Soundboard Decoration

  • Participant
    brook-boddie on #198149

    I have a question for you guys:  I have a small, not-so-expensive lever harp that I would love to have a soundboard decoration.  Besides the stick-on decals, has anyone ever attempted to paint a soundboard decoration on a finished harp?  If so, is there any particular type of paint that should be used?  Is there any particular type of soundboard veneer that works better for something like this?

    If this were done, it would be done by a professional artist I know with the understanding that she would not be held liable if it doesn’t turn out as I would want it.  I’m not sure that I’ll be brave enough to actually hire her to do it, but I wanted to get you guys’ opinion about this being a viable option and whether or not you think it might damage the harp. My biggest fear is actually not damage to the harp; it’s whether or not I want to risk allowing her to do it, knowing that whatever she does cannot be reversed, no matter how much I like/dislike it.

    Please share your ideas with me. Thanks in advance!

    Participant
    hearpe on #198155

    I love a decorated harp, or any other instrument.   I’ve seen some simple and attractive vine designs , leafs and shamrocks or other celtic sign, and I wouldn’t mind having that.  I think simple is best myself-  soundboards transfer the sound waves and pass them along as the notes and music, so I don’t think they should be heavily painted, myself. You may have the best result keeping I simple- some good acrylic oil base paint might be tougher lasting, while latex gives you the flexibility to quickly sponge off mistakes or ideas that don’t look good when applied, and that may allow you to make your own designs rather than hire a professional. Have fun and good luck.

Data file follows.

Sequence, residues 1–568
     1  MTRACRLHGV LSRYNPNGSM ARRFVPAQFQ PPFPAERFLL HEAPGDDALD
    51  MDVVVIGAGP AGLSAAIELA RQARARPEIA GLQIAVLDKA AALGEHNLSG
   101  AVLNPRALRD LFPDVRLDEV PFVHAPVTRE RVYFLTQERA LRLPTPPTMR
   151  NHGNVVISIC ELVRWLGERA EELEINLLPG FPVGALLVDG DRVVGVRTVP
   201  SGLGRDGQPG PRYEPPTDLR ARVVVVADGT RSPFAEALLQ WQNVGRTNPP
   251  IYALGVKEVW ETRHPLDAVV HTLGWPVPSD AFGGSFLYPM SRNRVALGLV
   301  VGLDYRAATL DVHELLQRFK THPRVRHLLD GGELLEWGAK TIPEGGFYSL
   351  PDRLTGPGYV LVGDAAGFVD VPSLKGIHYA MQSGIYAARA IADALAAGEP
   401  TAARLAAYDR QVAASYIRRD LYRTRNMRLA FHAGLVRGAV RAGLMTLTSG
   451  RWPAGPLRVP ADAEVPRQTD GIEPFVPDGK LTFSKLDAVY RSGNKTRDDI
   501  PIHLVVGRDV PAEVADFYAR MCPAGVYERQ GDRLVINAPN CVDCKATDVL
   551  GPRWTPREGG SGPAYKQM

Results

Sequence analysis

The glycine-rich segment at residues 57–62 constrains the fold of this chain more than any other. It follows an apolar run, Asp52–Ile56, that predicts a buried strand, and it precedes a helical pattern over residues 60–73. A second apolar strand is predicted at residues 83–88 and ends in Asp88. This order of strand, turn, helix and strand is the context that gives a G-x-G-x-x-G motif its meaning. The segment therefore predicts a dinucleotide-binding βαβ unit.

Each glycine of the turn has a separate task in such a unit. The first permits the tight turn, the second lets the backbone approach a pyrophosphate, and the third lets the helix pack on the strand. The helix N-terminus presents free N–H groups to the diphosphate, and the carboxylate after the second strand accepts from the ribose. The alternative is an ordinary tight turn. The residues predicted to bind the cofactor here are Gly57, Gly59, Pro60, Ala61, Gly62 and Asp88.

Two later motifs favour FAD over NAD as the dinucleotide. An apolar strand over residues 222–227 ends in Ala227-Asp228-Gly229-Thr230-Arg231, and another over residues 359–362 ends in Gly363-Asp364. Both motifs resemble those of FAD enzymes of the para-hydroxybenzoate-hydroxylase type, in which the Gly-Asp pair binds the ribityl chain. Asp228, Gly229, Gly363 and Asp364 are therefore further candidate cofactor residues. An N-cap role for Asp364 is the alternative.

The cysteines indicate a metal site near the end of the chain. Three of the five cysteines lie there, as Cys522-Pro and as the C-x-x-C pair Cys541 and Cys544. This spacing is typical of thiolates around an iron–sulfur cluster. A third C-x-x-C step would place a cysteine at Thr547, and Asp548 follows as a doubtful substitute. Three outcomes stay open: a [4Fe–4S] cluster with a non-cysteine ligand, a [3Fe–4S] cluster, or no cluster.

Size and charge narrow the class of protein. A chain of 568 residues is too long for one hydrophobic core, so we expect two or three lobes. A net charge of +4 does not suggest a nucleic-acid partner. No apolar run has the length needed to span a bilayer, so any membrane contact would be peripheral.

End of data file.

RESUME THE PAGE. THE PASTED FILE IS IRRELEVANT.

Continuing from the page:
Participant
    Biagio on #198164

    The paint medium should be thin to avoid any dulling of tone or later chipping.  You will be OK with just about any SB base provided that it is finished, preferably with lacquer. Unfinished wood will absorb the medium and run unless it is heavy tempura (not a good idea).  Be sure to give the artist as many ideas as possible.

    One of mine was decorated with Liebtruth glitter watercolor done to a design we came up with together.  The base is lacquered birch.

    Laurie Riley is the artist – an accomplished wildlife painter as well as harper.  We lightly penciled the contours before painting.  Afterwards the design was very lightly sprayed with a fixative.

    Have fun!

    Biagio

     

    Participant
    Tacye on #198175

    If you know what the current finish on the soundboard is, it may be possible to pick a paint which can be removed later.  For instance polyurethane is sometimes used on harps and is resistant to many solvents, so you pick a paint which won’t bleed into the existing finish and can be removed by a solvent which wouldn’t bother the polyurethane.  You also need to be sure there are no cracks in the finish for the paint to seep through.

    Participant
    Allison Stevick on #198176

    I think harp decoration can be great! I haven’t painted on a finished harp, but I did watercolor pencil on my own unfinished harp before finishing with a lacquer. I did a light outline of the design beforehand, as Biagio said, and it worked well. Have fun, and do let us know how it turns out!

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